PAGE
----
10 Things I Think About The World Cross Country in Aarhus
1. Yes The Same Race
I think this has to be my best bit of blagging ever, much better than airport lounges. I’d seen on LetsRun.com that they were letting “normal” people run in the World Cross Country so long as they had run sub 33:00 for 10k and had €100 so I chanced my arm. I’m not sub 33 so I sent them my Barcelona Half Marathon time by email which they accepted, it’s no where near sub 33 but I didn’t ask any questions when I got an email back saying that I was in.
2. Lets Run Guy
I think that I felt a little more reassured when I met the guy that Lets Run had entered in a cafe, he was just like me just with more talent. It’s almost like no one else knew about it, that or they didn’t want to know about it. Who wouldn’t want to run the World Cross Country like?
3. I Really Shouldn’t Be Here
I think I realized that I shouldn’t have been there when I met the Irish Team manager. I told her I was running in the race too. “Yes the same race” She looked at me like I had orange sunglasses on my head. I don’t think she was happy.
4. No Kenyans Were Harmed
I think my favorite part of the whole thing was the warm up, it was like being in the dressing room before a match. I warmed up with the other “sub elites”. The organizers had prepared a lovely little loop around the gardens of an old house. I had to be very careful not to awkwardly injure a Kenyan or Ethiopian when they were passing. We all escaped injury free.
5. Call Room
I think my favorite part of the whole thing was the call room. I’ve never been in a call room before. A call room is a big tent where you go before the race to put on your spikes and be checked for suitability, everyone has to go in there even the best guys. I was a bit worried that they would have some sort of iPhone fatometer that they would measure me with and tell me to go away. Thankfully fatometers haven’t been invented yet.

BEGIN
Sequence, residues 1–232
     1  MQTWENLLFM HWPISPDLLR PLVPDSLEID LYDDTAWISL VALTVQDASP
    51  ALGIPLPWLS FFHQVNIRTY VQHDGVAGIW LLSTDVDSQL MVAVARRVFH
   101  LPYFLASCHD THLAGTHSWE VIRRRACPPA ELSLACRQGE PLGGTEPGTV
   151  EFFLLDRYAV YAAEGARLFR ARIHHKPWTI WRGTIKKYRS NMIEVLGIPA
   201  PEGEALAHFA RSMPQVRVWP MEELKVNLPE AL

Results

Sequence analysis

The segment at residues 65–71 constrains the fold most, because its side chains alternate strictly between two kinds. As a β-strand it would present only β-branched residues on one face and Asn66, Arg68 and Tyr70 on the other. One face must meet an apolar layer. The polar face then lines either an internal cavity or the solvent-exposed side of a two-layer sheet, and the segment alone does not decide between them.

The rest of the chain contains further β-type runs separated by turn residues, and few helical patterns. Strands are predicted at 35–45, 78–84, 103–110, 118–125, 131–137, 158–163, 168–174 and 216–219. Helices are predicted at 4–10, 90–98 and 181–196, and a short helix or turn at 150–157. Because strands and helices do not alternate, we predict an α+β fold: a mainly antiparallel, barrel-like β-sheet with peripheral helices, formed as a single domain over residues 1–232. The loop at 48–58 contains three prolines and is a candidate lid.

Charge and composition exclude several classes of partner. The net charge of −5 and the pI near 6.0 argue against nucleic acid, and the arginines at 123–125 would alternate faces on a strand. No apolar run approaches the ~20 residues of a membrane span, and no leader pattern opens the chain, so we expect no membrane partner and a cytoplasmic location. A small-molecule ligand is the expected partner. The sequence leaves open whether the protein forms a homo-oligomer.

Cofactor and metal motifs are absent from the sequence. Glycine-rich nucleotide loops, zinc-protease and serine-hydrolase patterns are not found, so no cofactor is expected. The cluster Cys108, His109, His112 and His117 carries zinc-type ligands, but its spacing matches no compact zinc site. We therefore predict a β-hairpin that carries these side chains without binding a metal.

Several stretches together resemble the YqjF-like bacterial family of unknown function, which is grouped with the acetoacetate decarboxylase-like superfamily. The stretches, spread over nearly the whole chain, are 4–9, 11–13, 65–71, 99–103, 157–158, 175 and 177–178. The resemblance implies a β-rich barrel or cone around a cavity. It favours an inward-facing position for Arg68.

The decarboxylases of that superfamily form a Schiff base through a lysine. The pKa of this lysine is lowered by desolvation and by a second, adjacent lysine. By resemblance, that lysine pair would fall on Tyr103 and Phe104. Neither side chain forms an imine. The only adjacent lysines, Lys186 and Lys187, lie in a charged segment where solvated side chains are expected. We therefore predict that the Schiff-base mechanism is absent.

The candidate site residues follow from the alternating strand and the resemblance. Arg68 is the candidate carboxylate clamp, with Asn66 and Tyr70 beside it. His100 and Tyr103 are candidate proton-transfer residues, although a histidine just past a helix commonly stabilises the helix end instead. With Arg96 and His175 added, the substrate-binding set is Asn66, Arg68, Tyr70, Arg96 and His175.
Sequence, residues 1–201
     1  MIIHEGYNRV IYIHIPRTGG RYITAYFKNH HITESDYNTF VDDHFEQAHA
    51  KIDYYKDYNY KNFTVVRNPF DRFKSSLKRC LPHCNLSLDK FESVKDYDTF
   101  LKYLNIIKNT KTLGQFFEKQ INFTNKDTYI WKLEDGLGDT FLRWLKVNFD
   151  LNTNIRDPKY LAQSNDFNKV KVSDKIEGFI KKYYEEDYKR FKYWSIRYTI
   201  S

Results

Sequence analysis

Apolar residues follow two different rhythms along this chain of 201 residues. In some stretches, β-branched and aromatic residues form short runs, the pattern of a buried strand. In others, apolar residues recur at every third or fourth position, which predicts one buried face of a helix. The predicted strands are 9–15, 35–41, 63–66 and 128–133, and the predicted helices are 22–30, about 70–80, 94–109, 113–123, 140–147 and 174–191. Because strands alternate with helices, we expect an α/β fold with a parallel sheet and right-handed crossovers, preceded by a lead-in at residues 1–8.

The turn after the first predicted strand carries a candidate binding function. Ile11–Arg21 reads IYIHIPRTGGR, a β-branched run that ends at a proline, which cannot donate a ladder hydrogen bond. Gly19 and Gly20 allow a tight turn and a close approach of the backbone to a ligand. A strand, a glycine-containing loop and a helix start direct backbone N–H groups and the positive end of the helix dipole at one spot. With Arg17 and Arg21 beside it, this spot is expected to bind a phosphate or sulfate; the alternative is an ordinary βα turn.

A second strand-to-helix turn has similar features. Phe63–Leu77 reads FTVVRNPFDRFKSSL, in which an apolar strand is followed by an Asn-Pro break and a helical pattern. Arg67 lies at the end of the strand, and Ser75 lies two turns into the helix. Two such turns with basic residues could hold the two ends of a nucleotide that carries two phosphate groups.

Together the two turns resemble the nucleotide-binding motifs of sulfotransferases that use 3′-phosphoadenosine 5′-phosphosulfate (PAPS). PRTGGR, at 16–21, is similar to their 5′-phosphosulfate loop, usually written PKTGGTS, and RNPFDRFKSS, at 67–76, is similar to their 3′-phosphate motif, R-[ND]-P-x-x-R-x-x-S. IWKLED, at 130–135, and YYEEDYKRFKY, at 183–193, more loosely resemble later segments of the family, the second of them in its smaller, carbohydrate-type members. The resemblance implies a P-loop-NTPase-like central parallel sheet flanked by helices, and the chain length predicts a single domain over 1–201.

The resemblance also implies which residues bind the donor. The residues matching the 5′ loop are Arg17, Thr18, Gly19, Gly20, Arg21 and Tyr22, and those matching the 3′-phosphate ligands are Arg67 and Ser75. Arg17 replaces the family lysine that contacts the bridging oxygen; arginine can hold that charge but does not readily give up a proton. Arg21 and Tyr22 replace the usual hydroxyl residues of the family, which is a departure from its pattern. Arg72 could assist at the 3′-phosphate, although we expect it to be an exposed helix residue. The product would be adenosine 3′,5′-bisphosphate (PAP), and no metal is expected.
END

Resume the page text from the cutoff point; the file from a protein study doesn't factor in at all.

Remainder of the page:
6. Can’t See The Top
I think the start line was very scary. They had fire spurting from the top of the gantry which made the air warm sort of like the opposite of the World Championships in Doha. When you looked up from the start line you couldn’t see the top of the hill. It was so so steep and long, I haven’t seen a hill that long and steep since I was on a bicycle. I’m not very good at starting uphill so I was very worried. I was right.
I think that course was the most fun course that I have ever run on. It was insanely hard, but great fun. It would have been ridiculous even without the water pit, mud pit and sandy bits, they were almost normal when compared to the ridiculous hills. The hill up to the museum was fantastically awful. I’ve never used my arms so much for balance on the downhills. The only thing I would change is that I would make myself talented so that it would have been faster and more fun.
I think that I’m going to have to move to Lebanon if I want to make a repeat appearance at world level. I spent most of the race changing places with a Lebanese guy. I could definitely be a cross country champion in Lebanon. We had a great battle, we caught and passed a Chinese and Indian singlet, I thought I was doing great, Frank and the East Cork Mafia were providing great support.
9. Your Position has been Eliminated
I think I was almost happy that they eliminated me from the race. The rule for us sub elite guys was that if we got anymore than 4 minutes or 85% behind the leader then we were going to be eliminated. I almost made it on to the last lap, I got to the top of the hill on the 4th lap. Then just like in the race walking a nasty official in a blue jacket came out and ushered me off the course. I didn’t really object. My Lebanese compatriot was allowed to continue on, I definitely would have beaten him, definitely.
10. Worst in the World.
I think that I’m glad that I finished the race in the end. I got eliminated at the same time as a German guy. Once the leaders had gone by on their last lap, I said to him “sure we can just jump back in here and run through the finish, be grand”. The German guy was having none of it, “It’s against the rules”. I hoped back in and ran the last bit of the race, no one suspected anything because I’d the numbers on, I got lots of sympathetic cheers. It does however mean that I came last, very last, the worst in the world.